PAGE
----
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04.08.2023 | Battery | Editor´s Pick | Nachrichten

These are the New EU Rules for Sustainable Batteries

verfasst von: Christiane Köllner

2 Min. Lesedauer

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The Council of the European Union has passed the new Battery Regulation. The new regulations are intended to promote a circular economy by regulating batteries throughout their life cycle.

After three years, the EU Battery Regulation has cleared the final hurdle. The member states of the European Union (Council of the European Union) have voted to adopt the new regulation, which aims to tighten sustainability rules for batteries and scrap batteries. In mid-June, the EU Parliament had passed the EU Battery Regulation. The regulation enters into force on 17 August 2023, replacing the current Battery Directive from 2006.

First proposed in December 2020, the regulation aims to regulate the entire life cycle of a battery - from manufacturing to reuse and recycling - and ensure that batteries are safe, sustainable and competitive. It applies to all batteries, including all spent portable batteries, spent traction batteries, spent industrial batteries, spent starter batteries (mainly used for vehicles and machinery) and spent batteries for light transport (for example, electric bikes, e-mopeds, e-scooters).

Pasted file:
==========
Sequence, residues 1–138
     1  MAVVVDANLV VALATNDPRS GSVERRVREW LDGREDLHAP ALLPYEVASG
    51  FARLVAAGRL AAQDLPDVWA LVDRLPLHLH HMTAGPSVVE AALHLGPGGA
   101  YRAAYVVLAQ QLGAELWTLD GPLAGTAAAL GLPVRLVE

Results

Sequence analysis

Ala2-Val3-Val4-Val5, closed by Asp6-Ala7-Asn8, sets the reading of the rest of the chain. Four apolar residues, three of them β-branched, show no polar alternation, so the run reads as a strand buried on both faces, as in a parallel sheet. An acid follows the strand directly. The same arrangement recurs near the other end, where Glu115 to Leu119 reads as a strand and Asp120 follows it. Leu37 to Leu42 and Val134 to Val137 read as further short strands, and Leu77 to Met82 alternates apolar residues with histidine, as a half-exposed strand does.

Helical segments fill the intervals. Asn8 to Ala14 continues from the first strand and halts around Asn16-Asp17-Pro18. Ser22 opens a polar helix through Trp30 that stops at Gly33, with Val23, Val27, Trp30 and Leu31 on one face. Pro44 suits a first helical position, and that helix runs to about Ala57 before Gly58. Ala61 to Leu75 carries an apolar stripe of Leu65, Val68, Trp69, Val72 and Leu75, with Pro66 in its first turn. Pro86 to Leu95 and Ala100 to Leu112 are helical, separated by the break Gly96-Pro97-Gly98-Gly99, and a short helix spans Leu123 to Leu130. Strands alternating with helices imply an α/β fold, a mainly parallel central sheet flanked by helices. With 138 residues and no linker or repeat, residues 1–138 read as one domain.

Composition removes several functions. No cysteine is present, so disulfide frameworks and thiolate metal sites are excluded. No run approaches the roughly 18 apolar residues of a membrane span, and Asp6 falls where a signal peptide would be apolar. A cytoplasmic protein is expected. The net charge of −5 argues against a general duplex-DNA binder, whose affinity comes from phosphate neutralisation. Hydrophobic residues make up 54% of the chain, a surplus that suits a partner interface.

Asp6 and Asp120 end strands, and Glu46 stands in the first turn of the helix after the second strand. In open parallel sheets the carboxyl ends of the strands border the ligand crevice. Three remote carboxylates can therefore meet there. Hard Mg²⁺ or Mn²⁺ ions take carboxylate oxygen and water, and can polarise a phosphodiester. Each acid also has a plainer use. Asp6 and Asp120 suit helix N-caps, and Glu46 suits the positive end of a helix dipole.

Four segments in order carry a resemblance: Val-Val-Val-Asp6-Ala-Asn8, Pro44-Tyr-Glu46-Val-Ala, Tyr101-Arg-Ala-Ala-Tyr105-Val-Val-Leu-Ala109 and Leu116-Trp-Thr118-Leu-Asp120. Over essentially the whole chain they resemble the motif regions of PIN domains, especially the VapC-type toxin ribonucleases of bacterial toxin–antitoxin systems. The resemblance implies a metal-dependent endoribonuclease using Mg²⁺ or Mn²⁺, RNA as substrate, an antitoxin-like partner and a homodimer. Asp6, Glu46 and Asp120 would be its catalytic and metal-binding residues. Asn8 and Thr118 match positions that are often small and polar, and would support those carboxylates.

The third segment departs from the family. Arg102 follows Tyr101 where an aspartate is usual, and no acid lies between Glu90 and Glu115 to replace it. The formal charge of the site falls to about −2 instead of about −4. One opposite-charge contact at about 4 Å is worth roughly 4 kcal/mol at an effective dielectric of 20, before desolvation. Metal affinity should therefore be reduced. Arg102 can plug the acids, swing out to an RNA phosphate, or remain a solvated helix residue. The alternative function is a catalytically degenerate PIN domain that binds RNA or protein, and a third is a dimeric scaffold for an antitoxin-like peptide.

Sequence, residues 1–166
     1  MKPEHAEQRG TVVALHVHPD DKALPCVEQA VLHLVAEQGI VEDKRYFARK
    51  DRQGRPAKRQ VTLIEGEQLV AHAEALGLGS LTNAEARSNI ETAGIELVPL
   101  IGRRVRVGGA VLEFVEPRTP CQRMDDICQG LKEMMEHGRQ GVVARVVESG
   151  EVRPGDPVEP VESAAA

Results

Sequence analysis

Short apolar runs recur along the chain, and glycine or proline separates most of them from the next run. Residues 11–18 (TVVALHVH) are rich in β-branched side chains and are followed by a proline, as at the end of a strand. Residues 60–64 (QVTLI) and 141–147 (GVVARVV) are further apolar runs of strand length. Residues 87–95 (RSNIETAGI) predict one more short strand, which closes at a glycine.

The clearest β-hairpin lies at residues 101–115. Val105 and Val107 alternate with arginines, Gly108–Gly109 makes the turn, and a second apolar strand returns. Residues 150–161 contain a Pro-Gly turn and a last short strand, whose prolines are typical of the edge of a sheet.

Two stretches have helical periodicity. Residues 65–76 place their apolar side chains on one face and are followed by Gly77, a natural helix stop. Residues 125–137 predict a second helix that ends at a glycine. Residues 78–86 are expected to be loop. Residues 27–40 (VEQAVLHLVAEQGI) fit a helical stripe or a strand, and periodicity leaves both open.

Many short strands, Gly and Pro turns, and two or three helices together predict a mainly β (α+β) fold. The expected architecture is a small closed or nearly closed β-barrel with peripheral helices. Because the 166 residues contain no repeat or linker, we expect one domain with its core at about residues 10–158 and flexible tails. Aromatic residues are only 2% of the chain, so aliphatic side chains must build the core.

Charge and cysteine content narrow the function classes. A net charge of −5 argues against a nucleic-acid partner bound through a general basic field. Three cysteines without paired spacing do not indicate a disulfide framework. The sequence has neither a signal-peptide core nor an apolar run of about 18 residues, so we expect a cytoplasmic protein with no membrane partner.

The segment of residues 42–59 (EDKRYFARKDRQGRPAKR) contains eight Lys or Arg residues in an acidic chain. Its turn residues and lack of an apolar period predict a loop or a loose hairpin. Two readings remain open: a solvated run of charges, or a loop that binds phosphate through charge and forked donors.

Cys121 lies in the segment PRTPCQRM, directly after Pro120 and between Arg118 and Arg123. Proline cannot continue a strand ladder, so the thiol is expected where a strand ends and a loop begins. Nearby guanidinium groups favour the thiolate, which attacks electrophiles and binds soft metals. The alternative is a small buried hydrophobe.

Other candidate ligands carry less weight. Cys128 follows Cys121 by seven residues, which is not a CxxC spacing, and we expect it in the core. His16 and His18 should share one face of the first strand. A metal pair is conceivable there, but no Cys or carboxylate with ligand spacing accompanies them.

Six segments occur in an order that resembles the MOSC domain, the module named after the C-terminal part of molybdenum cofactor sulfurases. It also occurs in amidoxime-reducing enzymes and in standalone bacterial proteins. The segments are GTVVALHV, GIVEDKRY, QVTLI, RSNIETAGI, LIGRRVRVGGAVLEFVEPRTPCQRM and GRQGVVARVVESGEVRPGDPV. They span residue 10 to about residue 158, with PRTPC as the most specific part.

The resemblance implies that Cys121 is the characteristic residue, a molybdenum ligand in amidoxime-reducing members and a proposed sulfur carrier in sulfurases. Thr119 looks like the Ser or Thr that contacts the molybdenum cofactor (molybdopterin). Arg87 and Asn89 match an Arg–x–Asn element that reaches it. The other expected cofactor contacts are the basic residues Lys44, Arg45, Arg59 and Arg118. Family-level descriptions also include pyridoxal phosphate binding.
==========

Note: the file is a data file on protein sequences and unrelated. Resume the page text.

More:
Key Points of the EU Battery Regulation

  • The regulation sets collection targets for spent portable batteries for producers (63 % by the end of 2027, 73 % by the end of 2030) and introduces a specific collection target for spent batteries for light transport (51 % by the end of 2028 and 61 % by the end of 2031).
  • The regulation sets a target of recycling 50 % of lithium from spent batteries by the end of 2027 and 80 % by the end of 2031, which could be changed by delegated acts depending on market and technological developments and the availability of lithium.
  • Under the regulation, there is a mandatory minimum recycled content for industrial batteries, starter batteries and traction batteries. These were initially set at 16 % for cobalt, 85 % for lead, 6 % for lithium and 6 % for nickel. Batteries must have proof of the recycled content.
  • A recycling efficiency target of 80 % by the end of 2025 is set for nickel-cadmium batteries and 50 % by the end of 2025 for other spent batteries.
  • Starting in 2027, portable batteries installed in appliances should be able to be removed and replaced by end users, according to the regulation. Batteries for light transport must be able to be replaced by an independent specialist.
  • The regulation introduces labeling and information requirements, including with regard to battery components and recycled content, as well as an electronic "battery passport" and a QR code. The regulations for the labeling will apply from 2026 and for the QR code from 2027.
  • The aforementioned criteria are flanked by requirements for stricter due diligence obligations for economic actors in the environmental and social areas. The players must check the origin of the raw materials used for batteries placed on the market. The regulation provides for an exemption from the due diligence requirements for small and medium-sized enterprises.

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